A Grasscutter’s Tale | 草とり草紙
Japan, 1985, 88 min, 8 mm in 16 mm, colour, Japanese
Grandmother Someya was born in Meiji 32 . She was one of the people who farmed the land set aside for the construction of Narita Airport, as shown in Ogawa Shinsuke's Sanrizuka series (1968-1978). She opposed the planned second phase of the airport and separated from her family and lived alone. The film consists of nineteen stories told in Grandma Someya's own words: the story of her sons who died; of her husband who was a barber; of a strange dream; of the time she first came to Sanrizuka to plant new fields; of how she once ate only matches as a child, and so on. As the camera follows Granny Someya as she goes about her farm work, these personal memories, dreams and realities take the form of a series of laments or exemplary stories. In contrast to the violent Sanrizuka series, this is a modest and beautiful film: an extension of Ogawa's style in The Story of Magino Village. Raising Silkworms (1977), and a fascinating illustration of the beginning of a shift in the subject matter of Japanese documentary away from society and community and towards the personal. The film was shot on 8 mm and blown up to 16 mm.
Yasui Yoshio, adapted from the 1997 catalogue of the Yamagata International Documentary Film Festival
This letter has been expressly written for our catalogue by Hatano Yukie, collaborator and partner of the filmmaker.
The Grasscutter’s Tale, the journey of discovery of a “story”
28 January 2023
Forty years ago, one day in November 1982 Katsuhiko visited Mrs Katsu Someya to ask her if he could film her. It was a long-standing idea, and he needed to pluck up courage to ask her. Mrs Katsu, however, agreed with a simple “Ah, OK”.
Katsuhiko visited Mrs Katsu’s home and vegetable garden near Toho, in the municipality of Narita, and he also visited the factory in Rakkyo where she worked.
Mrs Katsu rambles on about her life, her surroundings and even the animals in the area. One day Katsuhiko, who was listening to her stories attentively, realised something: that her story repeated itself, and did so with an almost musical cadence.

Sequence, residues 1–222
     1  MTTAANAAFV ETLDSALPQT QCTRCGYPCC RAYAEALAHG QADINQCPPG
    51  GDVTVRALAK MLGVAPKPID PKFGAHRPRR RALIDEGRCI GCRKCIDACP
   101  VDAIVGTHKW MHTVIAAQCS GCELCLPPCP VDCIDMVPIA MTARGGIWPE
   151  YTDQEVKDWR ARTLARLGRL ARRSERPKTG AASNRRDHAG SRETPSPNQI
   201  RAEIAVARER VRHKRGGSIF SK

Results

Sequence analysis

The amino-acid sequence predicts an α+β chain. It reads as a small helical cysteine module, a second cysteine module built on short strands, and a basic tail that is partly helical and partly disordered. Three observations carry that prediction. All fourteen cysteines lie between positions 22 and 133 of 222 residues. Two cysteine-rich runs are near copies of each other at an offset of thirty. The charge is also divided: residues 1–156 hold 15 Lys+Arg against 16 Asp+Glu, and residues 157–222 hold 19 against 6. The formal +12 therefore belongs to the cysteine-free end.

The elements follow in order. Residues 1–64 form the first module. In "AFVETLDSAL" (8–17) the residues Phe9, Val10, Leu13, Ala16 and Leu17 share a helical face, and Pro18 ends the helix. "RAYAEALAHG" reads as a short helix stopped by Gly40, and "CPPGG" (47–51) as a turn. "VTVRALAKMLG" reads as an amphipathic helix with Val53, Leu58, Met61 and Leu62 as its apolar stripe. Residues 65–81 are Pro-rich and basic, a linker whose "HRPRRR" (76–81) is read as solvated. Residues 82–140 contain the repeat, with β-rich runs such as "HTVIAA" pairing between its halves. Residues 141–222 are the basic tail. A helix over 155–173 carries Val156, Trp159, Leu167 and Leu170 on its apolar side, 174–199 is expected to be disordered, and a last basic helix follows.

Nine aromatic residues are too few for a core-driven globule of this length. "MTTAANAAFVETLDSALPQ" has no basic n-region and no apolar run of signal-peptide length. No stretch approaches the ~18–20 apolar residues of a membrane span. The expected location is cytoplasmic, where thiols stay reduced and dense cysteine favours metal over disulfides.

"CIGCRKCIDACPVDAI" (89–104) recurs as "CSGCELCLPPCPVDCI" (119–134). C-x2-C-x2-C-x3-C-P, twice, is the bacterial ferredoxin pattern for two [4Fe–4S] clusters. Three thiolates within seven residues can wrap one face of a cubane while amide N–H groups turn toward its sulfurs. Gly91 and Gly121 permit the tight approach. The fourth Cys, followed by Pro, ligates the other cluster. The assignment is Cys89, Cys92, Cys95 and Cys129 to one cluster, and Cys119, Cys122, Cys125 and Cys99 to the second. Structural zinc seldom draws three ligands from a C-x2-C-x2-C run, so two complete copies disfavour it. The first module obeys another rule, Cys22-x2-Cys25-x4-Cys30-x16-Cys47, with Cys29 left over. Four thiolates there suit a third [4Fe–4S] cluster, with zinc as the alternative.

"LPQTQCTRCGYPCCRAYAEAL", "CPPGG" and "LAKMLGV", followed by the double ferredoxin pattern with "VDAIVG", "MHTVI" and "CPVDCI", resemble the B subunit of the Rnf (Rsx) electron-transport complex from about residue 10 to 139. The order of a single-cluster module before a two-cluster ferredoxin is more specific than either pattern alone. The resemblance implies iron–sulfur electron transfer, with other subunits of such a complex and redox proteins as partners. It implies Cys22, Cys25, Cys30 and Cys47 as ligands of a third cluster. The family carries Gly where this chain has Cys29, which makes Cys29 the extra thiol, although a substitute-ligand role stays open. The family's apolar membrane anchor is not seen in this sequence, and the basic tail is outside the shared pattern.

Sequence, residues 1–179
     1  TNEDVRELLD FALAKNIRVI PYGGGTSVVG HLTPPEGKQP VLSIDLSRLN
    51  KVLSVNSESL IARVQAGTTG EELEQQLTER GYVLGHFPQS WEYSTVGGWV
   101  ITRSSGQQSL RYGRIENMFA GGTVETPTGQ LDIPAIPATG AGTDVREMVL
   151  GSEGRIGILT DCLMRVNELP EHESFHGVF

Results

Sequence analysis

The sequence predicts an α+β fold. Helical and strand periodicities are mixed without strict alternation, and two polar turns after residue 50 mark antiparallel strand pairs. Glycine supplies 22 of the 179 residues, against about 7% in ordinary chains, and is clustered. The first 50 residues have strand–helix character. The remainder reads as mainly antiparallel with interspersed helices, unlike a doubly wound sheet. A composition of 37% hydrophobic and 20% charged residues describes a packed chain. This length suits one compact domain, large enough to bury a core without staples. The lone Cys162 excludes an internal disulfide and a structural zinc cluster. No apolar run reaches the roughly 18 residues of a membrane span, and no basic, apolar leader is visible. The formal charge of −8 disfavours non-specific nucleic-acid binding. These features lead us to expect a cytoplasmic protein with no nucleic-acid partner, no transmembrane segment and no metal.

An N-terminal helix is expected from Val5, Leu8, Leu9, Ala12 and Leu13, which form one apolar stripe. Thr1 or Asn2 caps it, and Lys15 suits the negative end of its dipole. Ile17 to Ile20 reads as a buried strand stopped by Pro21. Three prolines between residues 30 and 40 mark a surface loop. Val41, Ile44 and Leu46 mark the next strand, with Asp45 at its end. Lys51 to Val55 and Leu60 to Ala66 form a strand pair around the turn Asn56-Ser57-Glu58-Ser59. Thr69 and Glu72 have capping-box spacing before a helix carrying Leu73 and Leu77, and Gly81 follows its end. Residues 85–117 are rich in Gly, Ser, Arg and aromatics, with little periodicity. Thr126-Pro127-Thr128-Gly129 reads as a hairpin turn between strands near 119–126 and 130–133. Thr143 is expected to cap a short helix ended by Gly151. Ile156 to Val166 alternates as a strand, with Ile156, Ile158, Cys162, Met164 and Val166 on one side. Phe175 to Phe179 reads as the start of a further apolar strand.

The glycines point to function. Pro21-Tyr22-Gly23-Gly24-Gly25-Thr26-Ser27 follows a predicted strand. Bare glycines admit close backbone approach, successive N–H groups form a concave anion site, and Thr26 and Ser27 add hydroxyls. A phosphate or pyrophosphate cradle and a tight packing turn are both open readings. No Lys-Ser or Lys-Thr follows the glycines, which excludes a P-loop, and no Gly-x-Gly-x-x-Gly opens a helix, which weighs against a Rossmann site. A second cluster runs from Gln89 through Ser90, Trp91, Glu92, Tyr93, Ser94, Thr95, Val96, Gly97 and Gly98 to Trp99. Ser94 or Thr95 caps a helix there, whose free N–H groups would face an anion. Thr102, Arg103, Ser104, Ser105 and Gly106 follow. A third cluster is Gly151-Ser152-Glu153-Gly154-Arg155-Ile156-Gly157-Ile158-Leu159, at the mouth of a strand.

Katsuhiko thought that the repetition was the key to the “Story of Mrs Katsu”.
One day he told himself: “I’ll keep the old lady’s stories, and I’ll somehow make my own”.
At the time I had another job, so I accompanied Katsuhiko during the weekends, with a camera on my shoulder. I also participated in the editing, and we decided on almost the whole structure together. One weekend, however, on returning home he said: “Look at this”. I found a fragment that was repeated three times, a scene in which Mrs Katsu spoke about the same thing.
The production of The Grasscutter’s Tale was completed in 8 mm. We only had one negative, and once it was cut there were marks, no matter how much we tried to repair it, so the editing had to be done with great care. The audio took a long time too, in comparison with the 16 mm version, and the splices also caused added noise.
When the 8 mm version was first screened Katsuhiko projected it as he walked, with the projector on his shoulder. It was then enlarged to 16 mm to keep it in better condition. We obtained the positive of this first enlargement, but on screening it for the first time we were told that the people of Kansai did not understand Mrs Katsu due to the heavy accent of the region of Chiba and the speed at which she spoke.
The alternative was another development, this time of the negative, and subtitling Mrs. Katsu’s first sentences at the start of the film:
Is there a strong rustling sound? I love that. When the roots are cut.
When I listen to the rustling I feel that I am eliminating the parasites from the roots. It is such a nice feeling that they give me…
The trick lies in that the subtitles disappear as the spectators get used to watching the film.